Historic GCU: The George Jay Gould Estate
"Situated in the famous 'pine belt' of New Jersey, nine miles from the ocean, is Lakewood, a noted winter resort [in Ocean County]. Combining all requisites for health and pleasure, it is within easy distance of New York and Philadelphia. The difference in quality between the climate of this charming health resort and the neighboring cities is apparent to the most casual visitor..."
--quoted from the 1914 booklet Village Improvement Association of the Bureau of Information, Lakewood, New Jersey.
In the late 1800s, Lakewood was well known as the winter playground for the elite of New York City and Philadelphia, with sprawling country estates nestled among the spruces and pines. Georgian Court University is located on one such estate, the George Jay Gould Estate. Established in 1896 by the son of railroad magnate Jay Gould, construction on the estate began ten years after George Gould married lovely young actress Edith Kingdon. A second residence and winter getaway for the Goulds, Georgian Court provided recreation, relaxation, and healthy pine air for the Goulds and their two sons and four daughters.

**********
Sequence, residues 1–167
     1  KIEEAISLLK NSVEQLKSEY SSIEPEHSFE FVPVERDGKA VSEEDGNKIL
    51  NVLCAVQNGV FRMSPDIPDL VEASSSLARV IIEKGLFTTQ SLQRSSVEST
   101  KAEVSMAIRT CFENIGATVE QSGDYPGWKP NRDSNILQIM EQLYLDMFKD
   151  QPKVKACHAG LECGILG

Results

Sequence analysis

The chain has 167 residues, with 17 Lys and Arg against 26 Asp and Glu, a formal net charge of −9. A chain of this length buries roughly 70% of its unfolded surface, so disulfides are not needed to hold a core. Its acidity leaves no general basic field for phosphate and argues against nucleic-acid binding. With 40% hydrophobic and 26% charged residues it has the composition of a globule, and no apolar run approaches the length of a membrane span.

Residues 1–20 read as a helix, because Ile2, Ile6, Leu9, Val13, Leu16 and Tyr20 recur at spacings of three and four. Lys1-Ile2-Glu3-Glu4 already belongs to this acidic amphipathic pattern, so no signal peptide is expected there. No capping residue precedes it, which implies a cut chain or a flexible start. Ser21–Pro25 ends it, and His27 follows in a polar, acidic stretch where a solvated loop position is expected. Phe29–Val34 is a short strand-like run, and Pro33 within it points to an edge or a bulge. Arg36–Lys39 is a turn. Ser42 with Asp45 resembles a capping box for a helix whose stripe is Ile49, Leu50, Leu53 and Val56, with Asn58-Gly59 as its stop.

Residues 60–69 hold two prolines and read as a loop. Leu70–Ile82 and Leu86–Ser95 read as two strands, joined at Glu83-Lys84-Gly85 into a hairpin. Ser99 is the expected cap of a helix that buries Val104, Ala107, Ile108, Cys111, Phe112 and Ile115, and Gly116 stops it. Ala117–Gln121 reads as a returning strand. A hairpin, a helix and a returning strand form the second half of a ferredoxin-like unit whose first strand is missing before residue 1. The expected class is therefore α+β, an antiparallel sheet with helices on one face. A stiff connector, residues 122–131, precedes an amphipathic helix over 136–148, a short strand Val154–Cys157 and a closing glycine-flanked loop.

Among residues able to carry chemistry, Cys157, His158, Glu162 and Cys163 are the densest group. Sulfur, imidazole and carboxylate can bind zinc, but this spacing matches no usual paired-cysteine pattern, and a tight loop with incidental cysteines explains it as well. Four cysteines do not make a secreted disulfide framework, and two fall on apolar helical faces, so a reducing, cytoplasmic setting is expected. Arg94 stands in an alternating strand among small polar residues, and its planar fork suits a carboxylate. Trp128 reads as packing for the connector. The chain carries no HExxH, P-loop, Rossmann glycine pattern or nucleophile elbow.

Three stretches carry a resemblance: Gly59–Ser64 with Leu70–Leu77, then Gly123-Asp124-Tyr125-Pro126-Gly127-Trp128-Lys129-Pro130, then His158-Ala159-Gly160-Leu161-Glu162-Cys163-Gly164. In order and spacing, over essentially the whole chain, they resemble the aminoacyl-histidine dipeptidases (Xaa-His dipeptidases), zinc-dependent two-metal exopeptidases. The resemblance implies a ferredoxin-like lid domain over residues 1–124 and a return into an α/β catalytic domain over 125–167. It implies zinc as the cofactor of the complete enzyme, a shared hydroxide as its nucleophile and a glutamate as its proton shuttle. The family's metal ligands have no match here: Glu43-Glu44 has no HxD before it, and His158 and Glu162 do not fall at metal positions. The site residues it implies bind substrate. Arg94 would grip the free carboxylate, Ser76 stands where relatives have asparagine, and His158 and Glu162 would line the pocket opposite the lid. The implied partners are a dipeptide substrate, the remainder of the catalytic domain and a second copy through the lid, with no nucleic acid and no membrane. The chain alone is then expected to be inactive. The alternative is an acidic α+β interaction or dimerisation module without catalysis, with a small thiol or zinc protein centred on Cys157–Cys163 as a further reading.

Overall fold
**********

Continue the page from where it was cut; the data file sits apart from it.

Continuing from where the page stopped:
Gould engaged the famous New York architect, Bruce Price, to transform his newly purchased property into a lavish country estate. He had in mind something on the order of the great estates in England and Scotland, the comforts of which he had often enjoyed. Price drew upon his extensive experience in designing country homes. The two men soon agreed upon the style of an English estate of the Georgian period, which would substitute a gracious order for the wild terrain. Consequently, the name Georgian Court seemed appropriate.
After George Gould's death, his heirs decided to sell the estate to the Sisters of Mercy. The Gould family could not have imagined the delight that the beauty of Georgian Court and its myriad treasures would afford an endless stream of visitors. The splendor of the Gilded Age has influenced and nurtured graduates of Georgian Court for nearly a century, continuing the marvelous legacy of the Gould estate.
The estate featured an indoor swimming pool, court tennis court, bowling alley, all housed in what is now called the Casino (the court tennis court, bowling alley, and swimming pool have all been restored and maintained)--as well as a Japanese Garden, Formal Garden, and classical Italian Garden, which still grace the campus with their natural and sculptural beauty today. The estate is both a National Arboretum Site and a National Historic Site. For more information or to schedule a campus tour, contact the Office of Conferences and Special Events.
Postcards from the Gould era, circa 1920